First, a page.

(From CBSNews.com) -- One lament that commonly echoes through the corridors of senior management is not having the right people in the right places to do the job.
Results of the PricewaterhouseCoopers' annual Global CEO survey confirm that this concern is more than anecdotal.
Of the chief executives who cited "talent constraint" issues:
- 31 percent "weren't able to innovate effectively"
- 29 percent "were unable to pursue a market opportunity"
- 24 percent "cancelled or delayed a key strategic initiative"
24 percent "couldn't achieve growth forecasts in overseas markets."
Worse, 50 percent of CEOs said "recruiting and retaining high potential middle managers" was their chief "talent" challenge. While this is worrying news for those at the top of their organizations, it should come as good news to those with jobs, as well as those looking to make a career move.
The war for talent has moved from the back-burner to the front. As a result, those who recruit must up their game if they expect to hang on to their good people. The PwC survey highlights a 2010 finding by a consulting firm, the Corporate Executive Board, that "employees who were most committed to their organizations gave 57 percent more effort and were 87 percent less likely to resign than employees who consider themselves disengaged."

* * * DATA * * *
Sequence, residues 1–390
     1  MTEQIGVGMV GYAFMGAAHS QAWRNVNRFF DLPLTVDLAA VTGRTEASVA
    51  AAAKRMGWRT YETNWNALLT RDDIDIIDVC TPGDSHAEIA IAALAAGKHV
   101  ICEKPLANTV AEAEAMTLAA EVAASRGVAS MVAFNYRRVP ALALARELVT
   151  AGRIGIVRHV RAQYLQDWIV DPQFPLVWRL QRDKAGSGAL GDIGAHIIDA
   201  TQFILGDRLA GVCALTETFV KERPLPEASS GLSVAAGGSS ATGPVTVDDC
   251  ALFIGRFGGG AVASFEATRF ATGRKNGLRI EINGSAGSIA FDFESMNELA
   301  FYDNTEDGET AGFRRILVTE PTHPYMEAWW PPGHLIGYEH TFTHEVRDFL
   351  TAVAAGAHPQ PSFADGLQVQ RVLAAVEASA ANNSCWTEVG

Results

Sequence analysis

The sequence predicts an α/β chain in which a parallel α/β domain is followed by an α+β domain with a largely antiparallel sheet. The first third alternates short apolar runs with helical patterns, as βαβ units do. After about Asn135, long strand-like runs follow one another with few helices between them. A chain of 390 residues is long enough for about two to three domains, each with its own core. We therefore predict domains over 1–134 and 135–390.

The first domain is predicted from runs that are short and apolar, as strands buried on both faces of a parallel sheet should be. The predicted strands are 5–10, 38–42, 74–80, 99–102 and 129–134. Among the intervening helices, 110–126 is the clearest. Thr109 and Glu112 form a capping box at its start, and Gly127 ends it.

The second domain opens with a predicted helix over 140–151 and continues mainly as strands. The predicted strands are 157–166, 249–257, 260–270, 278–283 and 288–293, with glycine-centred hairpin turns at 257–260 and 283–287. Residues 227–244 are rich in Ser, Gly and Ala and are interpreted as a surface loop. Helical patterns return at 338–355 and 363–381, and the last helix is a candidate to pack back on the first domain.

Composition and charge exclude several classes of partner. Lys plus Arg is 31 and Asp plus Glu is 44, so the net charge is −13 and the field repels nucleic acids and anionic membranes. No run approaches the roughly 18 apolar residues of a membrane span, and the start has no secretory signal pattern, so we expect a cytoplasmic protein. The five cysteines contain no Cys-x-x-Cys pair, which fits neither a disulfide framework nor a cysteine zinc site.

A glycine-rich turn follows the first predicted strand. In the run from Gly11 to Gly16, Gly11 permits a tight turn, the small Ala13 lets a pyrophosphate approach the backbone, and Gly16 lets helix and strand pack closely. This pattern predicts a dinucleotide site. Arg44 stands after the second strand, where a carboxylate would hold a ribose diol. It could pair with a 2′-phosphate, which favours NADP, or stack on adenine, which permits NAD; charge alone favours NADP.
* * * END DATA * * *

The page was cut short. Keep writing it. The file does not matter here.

So if you are a senior leader, how do you hang onto your people? The easy answer is that you commit to it. More than half of the CEOs surveyed by PwC said their top HR person was a direct report. That's a good first step, but it's not enough. Former General Electric (GE) CEO Jack Welch famously told Fortune magazine that his second-most important priority as chief executive was "evaluating people, second only to "allocating capital."
Commitment is required to retaining good people, and while oceans of research has been conducted in the area of talent management, I would like to offer a few suggestions that I have seen work well.